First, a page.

The bundle theory for simple particular

Andrew Newman
University of Nebraska, Omaha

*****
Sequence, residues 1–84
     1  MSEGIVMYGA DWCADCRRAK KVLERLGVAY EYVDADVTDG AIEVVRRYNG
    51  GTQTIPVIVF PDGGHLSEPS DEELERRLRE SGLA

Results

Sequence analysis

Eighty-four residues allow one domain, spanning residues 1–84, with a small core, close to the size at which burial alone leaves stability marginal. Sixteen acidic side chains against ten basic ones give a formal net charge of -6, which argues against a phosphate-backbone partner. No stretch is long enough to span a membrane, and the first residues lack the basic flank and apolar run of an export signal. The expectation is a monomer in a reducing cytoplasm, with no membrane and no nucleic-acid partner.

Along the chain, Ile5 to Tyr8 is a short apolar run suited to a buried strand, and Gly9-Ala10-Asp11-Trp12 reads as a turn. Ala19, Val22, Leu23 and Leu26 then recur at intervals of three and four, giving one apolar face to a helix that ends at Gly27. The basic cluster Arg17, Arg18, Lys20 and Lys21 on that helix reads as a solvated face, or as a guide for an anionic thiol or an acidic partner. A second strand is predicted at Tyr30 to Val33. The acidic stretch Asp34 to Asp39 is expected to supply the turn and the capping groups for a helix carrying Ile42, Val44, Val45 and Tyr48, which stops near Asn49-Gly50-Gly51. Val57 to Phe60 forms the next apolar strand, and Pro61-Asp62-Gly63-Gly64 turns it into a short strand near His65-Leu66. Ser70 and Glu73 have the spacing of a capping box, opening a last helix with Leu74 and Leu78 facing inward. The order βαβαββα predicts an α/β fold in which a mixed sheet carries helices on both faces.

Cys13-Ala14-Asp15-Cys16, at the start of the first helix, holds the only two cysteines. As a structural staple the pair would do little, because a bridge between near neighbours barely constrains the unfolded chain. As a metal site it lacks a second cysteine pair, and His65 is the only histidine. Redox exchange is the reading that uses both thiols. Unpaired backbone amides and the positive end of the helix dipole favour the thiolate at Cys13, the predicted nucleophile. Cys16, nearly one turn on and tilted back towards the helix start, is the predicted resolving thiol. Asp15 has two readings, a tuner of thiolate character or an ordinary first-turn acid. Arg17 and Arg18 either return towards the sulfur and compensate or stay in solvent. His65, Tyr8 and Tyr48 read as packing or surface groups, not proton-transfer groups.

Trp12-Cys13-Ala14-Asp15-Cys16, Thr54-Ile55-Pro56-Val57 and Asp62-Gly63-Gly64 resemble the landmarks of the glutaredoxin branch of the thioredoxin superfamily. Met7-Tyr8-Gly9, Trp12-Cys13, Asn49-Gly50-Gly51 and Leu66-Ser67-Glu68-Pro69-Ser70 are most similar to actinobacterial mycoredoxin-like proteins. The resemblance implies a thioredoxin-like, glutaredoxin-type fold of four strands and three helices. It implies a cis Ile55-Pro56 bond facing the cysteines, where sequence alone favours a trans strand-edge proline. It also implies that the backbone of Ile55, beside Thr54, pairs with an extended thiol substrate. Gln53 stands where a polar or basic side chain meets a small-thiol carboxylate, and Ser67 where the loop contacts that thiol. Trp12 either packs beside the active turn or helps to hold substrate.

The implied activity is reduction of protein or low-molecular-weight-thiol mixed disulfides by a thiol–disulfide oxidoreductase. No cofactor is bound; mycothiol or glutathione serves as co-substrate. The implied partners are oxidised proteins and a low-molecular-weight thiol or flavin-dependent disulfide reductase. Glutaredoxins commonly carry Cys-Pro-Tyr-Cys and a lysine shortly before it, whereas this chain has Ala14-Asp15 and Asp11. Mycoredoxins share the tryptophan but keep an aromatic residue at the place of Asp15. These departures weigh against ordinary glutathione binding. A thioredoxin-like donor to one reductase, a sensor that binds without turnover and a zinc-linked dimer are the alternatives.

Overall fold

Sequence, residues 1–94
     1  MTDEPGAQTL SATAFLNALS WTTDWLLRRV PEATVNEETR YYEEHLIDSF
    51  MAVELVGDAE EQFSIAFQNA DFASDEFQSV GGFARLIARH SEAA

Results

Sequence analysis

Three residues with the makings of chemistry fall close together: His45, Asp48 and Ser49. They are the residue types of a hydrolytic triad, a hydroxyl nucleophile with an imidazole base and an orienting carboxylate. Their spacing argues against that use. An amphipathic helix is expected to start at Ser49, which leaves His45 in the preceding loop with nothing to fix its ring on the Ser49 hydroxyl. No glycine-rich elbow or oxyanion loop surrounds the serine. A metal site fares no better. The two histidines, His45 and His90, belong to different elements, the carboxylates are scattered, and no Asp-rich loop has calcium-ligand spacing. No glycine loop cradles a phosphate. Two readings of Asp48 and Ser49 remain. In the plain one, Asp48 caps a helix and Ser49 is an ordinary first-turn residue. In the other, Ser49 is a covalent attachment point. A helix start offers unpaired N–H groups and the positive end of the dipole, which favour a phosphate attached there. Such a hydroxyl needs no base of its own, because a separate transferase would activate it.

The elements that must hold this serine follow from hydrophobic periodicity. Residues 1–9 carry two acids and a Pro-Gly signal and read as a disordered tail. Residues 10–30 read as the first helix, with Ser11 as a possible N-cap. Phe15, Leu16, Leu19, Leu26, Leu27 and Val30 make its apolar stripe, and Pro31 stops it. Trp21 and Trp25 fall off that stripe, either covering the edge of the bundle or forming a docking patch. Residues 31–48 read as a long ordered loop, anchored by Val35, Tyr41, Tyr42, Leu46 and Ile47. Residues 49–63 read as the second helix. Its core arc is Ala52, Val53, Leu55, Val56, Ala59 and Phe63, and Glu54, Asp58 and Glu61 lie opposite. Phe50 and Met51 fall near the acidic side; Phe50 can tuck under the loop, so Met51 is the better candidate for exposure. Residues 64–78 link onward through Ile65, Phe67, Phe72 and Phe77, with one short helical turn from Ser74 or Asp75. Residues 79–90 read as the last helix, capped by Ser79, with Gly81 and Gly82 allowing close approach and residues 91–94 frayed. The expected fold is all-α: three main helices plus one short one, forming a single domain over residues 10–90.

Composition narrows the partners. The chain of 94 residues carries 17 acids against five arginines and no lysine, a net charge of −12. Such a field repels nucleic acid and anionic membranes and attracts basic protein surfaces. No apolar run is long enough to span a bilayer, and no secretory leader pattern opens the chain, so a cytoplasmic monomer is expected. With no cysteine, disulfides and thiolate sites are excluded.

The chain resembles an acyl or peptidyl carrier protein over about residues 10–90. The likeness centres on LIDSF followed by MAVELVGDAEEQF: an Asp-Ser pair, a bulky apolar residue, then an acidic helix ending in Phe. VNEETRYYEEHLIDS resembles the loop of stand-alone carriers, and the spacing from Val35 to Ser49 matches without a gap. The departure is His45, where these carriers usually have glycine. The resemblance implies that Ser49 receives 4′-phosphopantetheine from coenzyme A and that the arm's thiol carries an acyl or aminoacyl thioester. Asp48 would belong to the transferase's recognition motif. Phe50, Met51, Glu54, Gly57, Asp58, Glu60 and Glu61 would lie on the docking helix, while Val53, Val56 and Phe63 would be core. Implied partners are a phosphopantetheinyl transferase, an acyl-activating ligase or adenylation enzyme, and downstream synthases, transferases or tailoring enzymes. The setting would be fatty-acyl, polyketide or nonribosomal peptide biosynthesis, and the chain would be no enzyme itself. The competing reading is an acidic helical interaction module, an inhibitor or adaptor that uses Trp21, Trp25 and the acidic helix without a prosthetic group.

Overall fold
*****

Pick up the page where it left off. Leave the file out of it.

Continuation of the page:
1 A particular may have other particulars as parts, but according to the bundle theory its ultimate constituents are confined to universals. Parts are different from constituents or components. A part is a type of constituent, but there are constituents that are not parts. Parts belong to the same general category as the whole: if a concrete particular has parts, those parts will themselves be concrete particulars. This is not always the case with constituents: the constituents of a fact do not have to be facts and the constituents (or members) of a set do not have to be sets. The relation of “being a part of” is also transitive, whereas the relation of “being a constituent of” is not always transitive. If a particular has parts, such as atoms, then its constituents include its intrinsic properties, its atoms, and the arrangement relation. If an atom has parts, such as subatomic particles, then the constituents of the atom include its properties, the subatomic particles, and the arrangement universal. If it is like this all the way down without any termination (no bedrock), then the bundle theory says that at each stage there are only universals and ordinary particulars with parts, in other words there are no bare particulars. This approach should also work if there were arbitrary undetached parts that are real entities. The alternative to no bedrock is metaphysical atomism. There are two ways that metaphysical atomism could be true in classical mechanics: (1) if the ultimate constituents of matter are point particles — perhaps electrons are point particles, (2) if matter is continuously divisible and arbitrary undetached parts are not real entities or real parts. But it would be rash to say that these were the only two options for all theories. Point particles are a convenient kind of particular to think about when discussing the bundle theory. There could be just three properties bundled together, a certain mass, a certain charge, and the property of being point like..
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